Art and culture going digital.


A.The whole world is plagued by epidemics, and the performing arts have been one of the worst affected. However, methods and means have been devised to make this situation a virtue that has existed for more than a year now.

In Europe, major festivals and concerts are on the digital mat: the Glastonbury Festival and the Eurovision Music Contest. The Glastonbury Festival is perhaps best known for the pleasant breeze that blows through it. The crowd gathers in the open air and faces the elements. Reviving the ways of the Dionysian environment has been reborn. The crowd pays little attention to their appearance and clothing, only sinks into the mud and makes the wet and the rain brave so that the cheerful mood can be recreated as in the past. They all have music and dance rituals, such as the basic expressions of going and giving up.

In addition to the massive failures and glitches of streaming services and other technical glitches that are becoming a regular feature, the digital version may have been greatly reduced as the core function and role of the festival has been undermined. The main role is for people to come together and enjoy the environment of nature as it existed at a time when the relationship between the two was still inseparable and not so divided as to stand against each other.

I wonder what people would have felt sitting at home or watching it all on their screen whatever digital difference was available. The set and, above all, the environment are man-made shelters, a haven against the uncertainty of the elements, and people have been forced to evade them. It is no longer a display of weather uncertainty, mud and silt and coexistence with trees, grasses and plants, but a virtual survival of all in the hygiene and safety of homes. The brief opening that allowed people to rebel against the assurances of the man-made world was taken away from them in this virtual entertainment.

Virtual relevance may be just a reminder that the world and the natural world and its needs have been taken away. Even if one had to live, it had to be a virtual life. Even for a short time, this opportunity has been missed. Escaped in the way of the basic desires of escape from the built, manicured existence is stolen from the civilization that wants to go back and experience the basic significance of existence.

The Eurovision Music Concert was also a complete competition without an audience. It has been primarily interaction with the audience that creates the enthusiasm and necessary feedback to lay eggs for the performance. Performing an empty man-made environment such as a set is to fulfill the human presence to meet the lack of essential accessories. The competition was like artists performing each other. They were yearning for human preference and no one was found, they turned to fellow actors for satisfaction.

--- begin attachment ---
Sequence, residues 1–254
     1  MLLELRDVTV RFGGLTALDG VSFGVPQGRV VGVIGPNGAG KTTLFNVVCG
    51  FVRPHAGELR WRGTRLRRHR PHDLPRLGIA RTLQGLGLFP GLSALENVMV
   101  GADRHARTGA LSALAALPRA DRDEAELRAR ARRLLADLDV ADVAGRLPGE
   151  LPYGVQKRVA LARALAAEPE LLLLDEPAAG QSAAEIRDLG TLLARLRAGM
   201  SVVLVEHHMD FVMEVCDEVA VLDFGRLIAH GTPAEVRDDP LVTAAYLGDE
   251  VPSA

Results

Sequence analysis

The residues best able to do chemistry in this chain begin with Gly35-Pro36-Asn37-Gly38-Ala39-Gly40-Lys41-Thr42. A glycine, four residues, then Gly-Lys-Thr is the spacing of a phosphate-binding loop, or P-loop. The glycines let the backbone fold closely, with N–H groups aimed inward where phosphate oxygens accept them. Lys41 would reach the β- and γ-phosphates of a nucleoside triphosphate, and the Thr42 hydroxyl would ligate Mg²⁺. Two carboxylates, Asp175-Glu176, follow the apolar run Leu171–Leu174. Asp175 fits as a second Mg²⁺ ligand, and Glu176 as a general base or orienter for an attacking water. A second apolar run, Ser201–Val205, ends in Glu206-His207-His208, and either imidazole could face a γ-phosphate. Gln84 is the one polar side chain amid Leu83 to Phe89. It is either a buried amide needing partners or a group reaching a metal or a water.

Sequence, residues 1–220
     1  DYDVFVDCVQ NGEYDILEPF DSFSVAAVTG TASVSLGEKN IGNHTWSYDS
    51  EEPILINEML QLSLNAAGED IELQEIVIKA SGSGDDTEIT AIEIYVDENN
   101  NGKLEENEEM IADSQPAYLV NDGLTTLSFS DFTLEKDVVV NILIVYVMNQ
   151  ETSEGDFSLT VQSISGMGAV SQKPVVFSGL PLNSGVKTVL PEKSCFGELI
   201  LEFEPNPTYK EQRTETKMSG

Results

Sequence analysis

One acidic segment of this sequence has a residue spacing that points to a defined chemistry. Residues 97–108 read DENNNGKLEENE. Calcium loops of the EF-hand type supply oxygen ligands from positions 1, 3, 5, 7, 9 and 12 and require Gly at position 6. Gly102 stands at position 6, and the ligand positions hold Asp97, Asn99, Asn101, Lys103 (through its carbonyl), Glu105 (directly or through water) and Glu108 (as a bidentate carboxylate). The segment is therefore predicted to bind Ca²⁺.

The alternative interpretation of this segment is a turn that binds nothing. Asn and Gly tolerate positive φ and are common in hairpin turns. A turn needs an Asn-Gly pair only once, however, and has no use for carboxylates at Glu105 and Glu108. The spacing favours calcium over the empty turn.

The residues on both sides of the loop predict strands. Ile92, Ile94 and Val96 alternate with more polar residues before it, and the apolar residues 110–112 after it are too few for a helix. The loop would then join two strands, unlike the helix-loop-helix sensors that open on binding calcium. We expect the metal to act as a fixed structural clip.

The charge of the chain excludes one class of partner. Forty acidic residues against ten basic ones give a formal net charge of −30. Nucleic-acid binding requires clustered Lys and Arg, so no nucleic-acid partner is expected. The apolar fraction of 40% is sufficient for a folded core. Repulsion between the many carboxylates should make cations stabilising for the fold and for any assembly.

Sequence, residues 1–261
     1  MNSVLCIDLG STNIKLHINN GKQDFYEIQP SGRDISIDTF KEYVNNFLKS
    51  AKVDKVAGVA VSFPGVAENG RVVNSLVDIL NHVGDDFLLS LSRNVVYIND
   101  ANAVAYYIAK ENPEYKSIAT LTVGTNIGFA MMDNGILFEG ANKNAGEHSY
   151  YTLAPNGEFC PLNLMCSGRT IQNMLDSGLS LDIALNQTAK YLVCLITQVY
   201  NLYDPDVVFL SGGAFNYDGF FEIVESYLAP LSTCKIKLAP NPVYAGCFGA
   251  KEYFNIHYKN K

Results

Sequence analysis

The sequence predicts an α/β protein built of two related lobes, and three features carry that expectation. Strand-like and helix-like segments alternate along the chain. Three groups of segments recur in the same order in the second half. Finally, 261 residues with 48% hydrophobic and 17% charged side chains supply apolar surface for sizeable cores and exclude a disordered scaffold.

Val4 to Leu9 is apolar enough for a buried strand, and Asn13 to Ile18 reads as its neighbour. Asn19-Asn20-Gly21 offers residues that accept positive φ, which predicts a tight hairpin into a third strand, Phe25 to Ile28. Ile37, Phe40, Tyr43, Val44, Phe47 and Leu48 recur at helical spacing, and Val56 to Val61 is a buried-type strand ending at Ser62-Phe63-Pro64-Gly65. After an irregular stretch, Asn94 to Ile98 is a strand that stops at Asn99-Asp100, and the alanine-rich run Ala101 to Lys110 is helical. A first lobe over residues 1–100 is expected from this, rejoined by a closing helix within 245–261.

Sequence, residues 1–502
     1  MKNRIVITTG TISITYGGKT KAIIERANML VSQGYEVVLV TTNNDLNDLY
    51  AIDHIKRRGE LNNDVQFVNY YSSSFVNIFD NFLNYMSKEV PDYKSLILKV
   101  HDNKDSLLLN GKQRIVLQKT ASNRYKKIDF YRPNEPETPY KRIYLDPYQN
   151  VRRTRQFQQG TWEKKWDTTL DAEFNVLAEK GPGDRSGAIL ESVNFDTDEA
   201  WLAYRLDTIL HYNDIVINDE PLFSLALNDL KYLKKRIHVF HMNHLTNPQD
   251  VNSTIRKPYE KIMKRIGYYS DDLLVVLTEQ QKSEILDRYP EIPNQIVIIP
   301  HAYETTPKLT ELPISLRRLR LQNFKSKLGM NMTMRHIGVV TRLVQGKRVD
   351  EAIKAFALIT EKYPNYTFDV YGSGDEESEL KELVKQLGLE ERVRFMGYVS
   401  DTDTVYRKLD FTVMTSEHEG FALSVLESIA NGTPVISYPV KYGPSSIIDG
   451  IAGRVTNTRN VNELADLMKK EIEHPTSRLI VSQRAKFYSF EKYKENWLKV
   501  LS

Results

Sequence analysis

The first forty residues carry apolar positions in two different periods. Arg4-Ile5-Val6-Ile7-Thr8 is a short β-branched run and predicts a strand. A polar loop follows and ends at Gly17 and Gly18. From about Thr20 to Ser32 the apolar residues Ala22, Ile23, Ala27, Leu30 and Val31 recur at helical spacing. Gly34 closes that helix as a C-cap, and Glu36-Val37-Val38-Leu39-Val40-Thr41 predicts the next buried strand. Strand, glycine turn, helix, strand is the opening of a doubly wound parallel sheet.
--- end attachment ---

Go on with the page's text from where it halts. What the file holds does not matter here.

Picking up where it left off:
As it is, Eurovision is a collection of high-tech digital glamor that blends with the musical vibrancy and the two may work together in the presence of an audience, but without a crowd competition it becomes just a digital glow. ۔ An essential component, it presented a parade of achievements without compromising the flow of human expression through the display of any kind of offensive technology and art. As it is, the digital or technological dimension is so vast that it always seeks to override the basic human expression, which, by contrast, is no more stable than the race for relatively more stable and technological inputs.

It was more like a spectacle than a human spectacle. People sitting in their homes only experienced its misery. Fighting streaming services all the time and its flawed connections and flaws reminds us of the weakness of humanity rather than the perfection of the scientific world.

Perhaps, a year will soon come with an alternative or the second best option for large-scale human activities. Many people think that this is not the second best option now but the mainstream, human or live performances and the gathering of the audience which will be the second best thing or a very special place in the future.

The concert in Barcelona was another way to get the audience vaccinated and they came up with evidence that they had not tested positive for the virus. To enter, no one could enter St. Jordi Stadium a few minutes before the start and pick up a ticket at the door. Fans had to download an app, input their contact details, and book a quick quad test on the day of the concert.

Those who tested negative received a code to enter the building, while those who tested positive were offered a refund. Inside, masks were mandatory and the public was divided into three areas, each with about 1,600 people. Five thousand electronic fans sang, jumped and danced on the indie pop hit. It could be any Saturday night event in 2019, if it weren’t for the masks, the sanitizer piece and the tickets that proved the Negative Cove 19 Test.

Are we close to presenting our big festivals in any limited digital format? It may have happened with conferences and seminars, but not with large gatherings, and one wonders when it will happen and what its quality will be, the consequences and impressions that follow.

The author is a Lahore-based culture critic.

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